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Kia Provo Concept Kicks Off Controversy

Name offers haunting reminder, to some, of Northern Ireland’s “troubles.”

by on Mar.06, 2013

The controversial Kia Provo concept.

Korean carmaker Kia has touched off an unanticipated firestorm with the debut of its Provo concept vehicle at this year’s Geneva Motor Show.

Finding a suitable name for a vehicle is never easy, usually because the best choices are already taken, but occasionally because they might carry some inadvertently negative meaning. In the case of the Provo, a British lawmaker has gotten fired up because Provo was the street name for the Provisional IRA.

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That was the violent arm of the outlawed Irish Republican Army blamed for nearly 2,000 deaths during the period locals often refer to as “the troubles,” the 1970 to 1997 campaign of violence meant to win independence for the region from Britain.

It didn’t help that Kia – whose name can be seen as shorthand for “Killed in Action” – promoted the design concept vehicle as a “radical super-mini coupe which aims to set the streets alight.”

(For more on the Kia Provo Concept, Click Here.)

That led Gregory Campbell, a member of Parliament from Northern Ireland’s E. Derry to introduce a bill asking Kia to make sure it didn’t actually sell a car with the Provo name. His goal, MP Campbell said, was to “reinforce with Kia the seriousness of the issue and the need to deal with their customers in a sensitive manner.”

The red-faced automaker quickly made a U-turn. Though it was too late to re-badge the Kia Provo concept vehicle, it now promises it will not use the name on a production vehicle – certainly not when for sale on the British isles.

The lawmaker said he is pleased Kia “acted quickly,” adding the maker’s “decisive action will be welcomed by many people, in Northern Ireland and beyond, whose lives have been affected by the murderous actions of the Provisional IRA.

Along with actions in Northern Ireland, the “provos” were blamed for numerous bombings and murders in England.

The unexpected flap underscores the challenges carmakers face when they try to come up with new names. Perhaps the most famous example was General Motors errant decision to market its Chevrolet Nova small car in Latin American markets, unaware the name also could mean, “doesn’t go.”  As the Associated Press noted, the Mazda LaPuta could be translated into “the whore,” while the Honda Fitta was interpreted by some Scandinavians to refer to a woman’s genitalia.

A whole industry has grown up around finding available and safe names, though Toyota ran into a snag when it launched its luxury brand Lexus in 1989. It was sued by the Lexis/Nexis news service, but after initially agreeing to a pay-off, Toyota led the case go to court where it ultimately won.

However, the maker backed down when Ford threatened to sue over the planned name for a new full-size pickup. The Detroit maker claimed Toyota’s T-150 was too close to the Ford F-150, long the best-selling vehicle in the U.S. The Japanese maker eventually decided to name its truck the Tundra.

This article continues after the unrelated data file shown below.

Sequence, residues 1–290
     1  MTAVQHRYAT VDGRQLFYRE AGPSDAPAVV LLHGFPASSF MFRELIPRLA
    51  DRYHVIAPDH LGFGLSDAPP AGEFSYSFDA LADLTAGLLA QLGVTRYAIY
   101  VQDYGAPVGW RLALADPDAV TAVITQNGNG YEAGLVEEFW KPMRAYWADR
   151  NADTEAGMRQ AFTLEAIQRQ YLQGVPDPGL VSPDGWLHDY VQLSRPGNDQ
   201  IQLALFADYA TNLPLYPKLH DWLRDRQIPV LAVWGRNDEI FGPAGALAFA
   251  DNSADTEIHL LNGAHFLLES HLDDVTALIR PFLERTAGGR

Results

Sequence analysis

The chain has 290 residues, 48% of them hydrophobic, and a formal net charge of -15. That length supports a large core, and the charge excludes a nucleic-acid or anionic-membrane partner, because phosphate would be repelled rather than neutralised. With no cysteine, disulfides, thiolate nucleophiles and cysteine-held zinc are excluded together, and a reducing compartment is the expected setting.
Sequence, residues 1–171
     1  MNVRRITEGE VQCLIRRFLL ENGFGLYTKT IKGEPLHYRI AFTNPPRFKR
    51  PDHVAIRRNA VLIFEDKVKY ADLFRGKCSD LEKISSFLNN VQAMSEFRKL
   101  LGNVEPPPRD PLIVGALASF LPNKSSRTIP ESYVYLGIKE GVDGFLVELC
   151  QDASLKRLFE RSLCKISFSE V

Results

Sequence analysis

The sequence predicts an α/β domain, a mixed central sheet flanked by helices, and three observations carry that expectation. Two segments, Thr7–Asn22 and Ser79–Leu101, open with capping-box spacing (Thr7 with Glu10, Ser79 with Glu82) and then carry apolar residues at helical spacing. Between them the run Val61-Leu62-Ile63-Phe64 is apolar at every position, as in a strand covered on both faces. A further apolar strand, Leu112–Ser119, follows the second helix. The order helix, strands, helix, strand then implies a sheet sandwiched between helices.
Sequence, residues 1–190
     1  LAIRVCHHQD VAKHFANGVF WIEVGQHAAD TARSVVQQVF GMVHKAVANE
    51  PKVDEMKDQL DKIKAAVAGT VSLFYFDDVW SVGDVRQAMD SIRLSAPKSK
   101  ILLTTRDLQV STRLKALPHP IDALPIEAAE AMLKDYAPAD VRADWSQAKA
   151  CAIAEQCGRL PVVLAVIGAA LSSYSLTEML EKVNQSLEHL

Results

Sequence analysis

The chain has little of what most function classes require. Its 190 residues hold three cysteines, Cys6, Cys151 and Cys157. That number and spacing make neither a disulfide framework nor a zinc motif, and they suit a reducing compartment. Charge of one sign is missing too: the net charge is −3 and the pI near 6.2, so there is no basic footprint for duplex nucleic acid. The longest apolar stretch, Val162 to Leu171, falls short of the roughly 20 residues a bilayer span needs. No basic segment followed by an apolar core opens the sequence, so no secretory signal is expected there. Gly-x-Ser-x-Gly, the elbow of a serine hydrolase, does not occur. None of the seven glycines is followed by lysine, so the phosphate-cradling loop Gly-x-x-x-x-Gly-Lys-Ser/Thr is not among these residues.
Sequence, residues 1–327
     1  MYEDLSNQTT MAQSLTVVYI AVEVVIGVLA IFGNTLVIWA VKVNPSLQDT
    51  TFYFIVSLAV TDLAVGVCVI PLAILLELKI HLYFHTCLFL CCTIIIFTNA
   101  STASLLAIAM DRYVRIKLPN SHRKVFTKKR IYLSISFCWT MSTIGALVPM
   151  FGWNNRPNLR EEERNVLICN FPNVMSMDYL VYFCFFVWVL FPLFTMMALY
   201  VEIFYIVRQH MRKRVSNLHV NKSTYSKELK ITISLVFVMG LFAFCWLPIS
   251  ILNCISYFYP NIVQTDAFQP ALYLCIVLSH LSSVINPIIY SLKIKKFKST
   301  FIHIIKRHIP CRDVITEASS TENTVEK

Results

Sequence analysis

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4 Responses to “Kia Provo Concept Kicks Off Controversy”

  1. Jorge M. says:

    That’s a really FUGLY looking car. It would appear that most politicians are braindead…

  2. Fritinancy says:

    The Chevy Nova never meant “no go” in Spanish or any other language. The car sold well in Latin America; the story has been thoroughly discredited. I wrote about it here: http://www.duetsblog.com/2012/07/articles/branding/that-story-about-the-chevy-nova-its-a-no-go/

    • Paul A. Eisenstein says:

      Hi, Nancy,

      The Nova did all right in Latin America but nowhere near expectations. And, yes, I’ve heard people say the story was discredited but a simple run through a half-dozen online translators will validate that one of the primary meanings IS “doesn’t go.” How much did that matter? In the Latino culture, such things definitely can have an impact and I’ve had several marketing execs within GM itself admit that wasn’t the best choice of names. It’s one reason why makers now spend a fortune researching possibilities.

      Paul A. Eisenstein
      Publisher, TheDetroitBureau.com

  3. Fritinancy says:

    Hi Paul,

    There’s a significant different between “no va” (doesn’t go) and “nova” (a bright star). For one thing, they’re pronounced with different stresses; for another, “Nova” is an established brand name in many Spanish-speaking countries (the gasoline brand Pemex Nova, for example).

    Moreover, it’s unidiomatic for a speaker of Spanish to say a car “no va” — he’d more likely say “no camina.”

    GM *did* research the name and decided the risk was trivial.

    See Snopes: http://www.snopes.com/business/misxlate/nova.asp